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Celebration Saturday: When the CMCS Bluejays flew above the rest

Read when CMCS was the area’s first volleyball powerhouse

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CMCS' Maggie Freiborg (8) and Joy (Wubben) Tietz (6) attempt to block the spike of Fosston's Kelly Roysland early in the second game of the 2000 Class A state volleyball championship match. File photo

Sports editor’s note: This is the 10th installment of the ‘Celebration Saturday’ series highlighting top individual and team achievements in the West Central Tribune area. Today’s story looks at the Central Minnesota Christian girls volleyball program that won three consecutive Class A state championships from 1998-2000.

PRINSBURG — Traci Grussing guided the Central Minnesota Christian volleyball team from the early 1990s to mid-2000s. Within her tenure, the Bluejays were among the best teams the state had to offer.

Helping the program become a yearly fixture at the state tournament in November, Grussing collected nearly 400 wins on the sidelines before stepping down from her position in 2006. Averaging close to 24 wins a season during that period, CMCS was a model of success on the court, but the stretch that made the program the area’s standard was from 1998-2000, when the Bluejays took home three consecutive Class A state titles.

CMCS was the third program in Minnesota history to bring home three straight volleyball crowns, joining Robbinsdale Armstrong (1980-85) and Tracy-Milroy (1994-96). Only Shakopee (2007-09) and Marshall (2011-2013) have entered the three-peat club since.

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“Everybody was pretty excited about volleyball and the community was excited,” Grussing said. “It sounds bad, but I don’t think we were worried about not making it back to state. I think everyone was just riding the positivity, the excitement and having a good time.”

Heartbreak to Glory

The story of CMCS’ trio of championships actually began in 1997, when it finished that season with a 31-4 record. The program earned the school’s first state tournament berth in any sport after ripping through Redwood Valley 3-0 in the Section 3A final. Prior to that year, the Bluejays were 0-3 in section finals.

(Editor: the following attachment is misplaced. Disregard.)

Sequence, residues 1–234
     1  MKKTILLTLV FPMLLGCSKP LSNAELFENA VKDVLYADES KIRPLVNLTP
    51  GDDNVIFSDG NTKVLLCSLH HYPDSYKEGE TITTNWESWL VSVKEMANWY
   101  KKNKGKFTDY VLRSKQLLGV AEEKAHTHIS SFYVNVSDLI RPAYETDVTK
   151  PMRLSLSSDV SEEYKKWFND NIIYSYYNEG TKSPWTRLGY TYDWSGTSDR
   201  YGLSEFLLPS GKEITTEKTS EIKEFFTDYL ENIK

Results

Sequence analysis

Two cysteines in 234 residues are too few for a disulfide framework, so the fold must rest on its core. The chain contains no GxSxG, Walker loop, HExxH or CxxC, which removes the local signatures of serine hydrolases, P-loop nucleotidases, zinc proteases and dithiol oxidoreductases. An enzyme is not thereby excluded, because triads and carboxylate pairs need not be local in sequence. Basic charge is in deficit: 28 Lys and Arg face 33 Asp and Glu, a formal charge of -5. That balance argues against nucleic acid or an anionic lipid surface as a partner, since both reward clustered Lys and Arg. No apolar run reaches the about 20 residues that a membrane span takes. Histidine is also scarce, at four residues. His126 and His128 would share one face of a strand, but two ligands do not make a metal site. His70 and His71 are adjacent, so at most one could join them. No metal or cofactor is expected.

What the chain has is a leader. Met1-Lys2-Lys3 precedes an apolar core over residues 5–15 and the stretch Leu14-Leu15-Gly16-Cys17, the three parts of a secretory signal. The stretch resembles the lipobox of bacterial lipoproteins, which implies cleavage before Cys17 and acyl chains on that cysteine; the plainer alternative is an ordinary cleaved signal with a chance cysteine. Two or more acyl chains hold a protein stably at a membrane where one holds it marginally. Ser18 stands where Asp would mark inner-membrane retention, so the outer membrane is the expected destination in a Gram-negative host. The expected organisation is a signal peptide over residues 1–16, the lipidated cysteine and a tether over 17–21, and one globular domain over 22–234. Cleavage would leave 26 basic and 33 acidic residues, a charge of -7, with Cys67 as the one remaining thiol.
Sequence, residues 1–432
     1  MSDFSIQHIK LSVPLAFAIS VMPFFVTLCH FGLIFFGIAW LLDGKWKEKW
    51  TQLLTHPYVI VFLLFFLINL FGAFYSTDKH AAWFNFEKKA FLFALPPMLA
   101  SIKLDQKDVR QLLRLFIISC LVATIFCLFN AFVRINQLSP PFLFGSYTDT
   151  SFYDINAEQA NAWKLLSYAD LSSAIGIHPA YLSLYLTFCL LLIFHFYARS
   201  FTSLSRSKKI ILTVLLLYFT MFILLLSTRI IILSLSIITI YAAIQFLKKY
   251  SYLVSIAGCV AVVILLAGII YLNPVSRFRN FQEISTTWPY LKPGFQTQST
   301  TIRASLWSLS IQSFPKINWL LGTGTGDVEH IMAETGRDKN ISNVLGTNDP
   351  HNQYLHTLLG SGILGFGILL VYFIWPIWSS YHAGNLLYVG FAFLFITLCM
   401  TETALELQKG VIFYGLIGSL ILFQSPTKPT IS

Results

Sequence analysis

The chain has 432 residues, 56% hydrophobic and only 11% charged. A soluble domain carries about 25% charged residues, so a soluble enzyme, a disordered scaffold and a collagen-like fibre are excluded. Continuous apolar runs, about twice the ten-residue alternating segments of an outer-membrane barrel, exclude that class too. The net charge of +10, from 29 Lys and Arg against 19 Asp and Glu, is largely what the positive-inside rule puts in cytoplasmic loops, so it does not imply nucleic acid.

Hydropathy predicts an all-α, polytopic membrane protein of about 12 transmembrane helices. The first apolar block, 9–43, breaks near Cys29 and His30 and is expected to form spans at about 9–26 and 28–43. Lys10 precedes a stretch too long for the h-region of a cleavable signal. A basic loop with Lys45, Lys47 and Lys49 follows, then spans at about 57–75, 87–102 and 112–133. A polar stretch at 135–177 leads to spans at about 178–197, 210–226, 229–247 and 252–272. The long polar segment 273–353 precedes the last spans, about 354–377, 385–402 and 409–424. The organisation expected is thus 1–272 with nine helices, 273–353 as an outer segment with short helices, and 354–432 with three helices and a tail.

Led by All-State senior setter Sara Ahrenholz and All-State senior hitter Stacie Vreeman, the team cruised to easy victories against two-loss St. James and undefeated Underwood in the state quarterfinals and semifinals, respectively.

Jumping out to a 2-0 advantage versus Stewartville in the state final, CMCS was on the cusp of history, but it fell in the next three sets 4-15, 15-17, 12-15 to lose the championship. The fourth set was the toughest pill to swallow, as the Bluejays were up 11-5 and 13-11 before dropping the set with back-to-back errors.

“The girls who were coming back, we just were looking forward to the next season and for me, it felt like a huge accomplishment to make it that far,” Grussing said. “I still feel like we blew it in the championship (match), but just the fact that we made it finally to the state tournament and had such good people coming back, it didn’t take that long before we started forward to the next season.”

Despite losing four key contributors to graduation, the 1998 team was loaded and filled with familiar names. Six players on the roster had sisters who once played for the program. CMCS was particularly tall as well, featuring six players —senior hitters Kelli Vreeman, Cassie Wieberdink and Carrie Swart, junior hitter Melanie (Huisinga) VanderArk, sophomore hitters Maggie Freiborg and Joy (Wubben) Tietz — that were at 5-foot-10 or taller. Also, replacing Ahrenholz was Lindsey (VanderWell) Taatjes, who stood at 5-9.

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CMCS' Joy (Wubben) Tietz (right) slams down one of her 20 kills over Fosston's Chelsea Badurek in the Class A state volleyball championship match in 2000. File photo

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However, what’s the benefit of having height if the players can’t move and jump?

“I think our athleticism stood out for a Class A team,” Grussing said. “During that whole time, we went to tournaments during the season and played against, at the time, Class AA teams. We played against big schools and beat a lot of them, and I think our height was key there. But as far as Class A school, I just think the athleticism of the girls was the big thing.”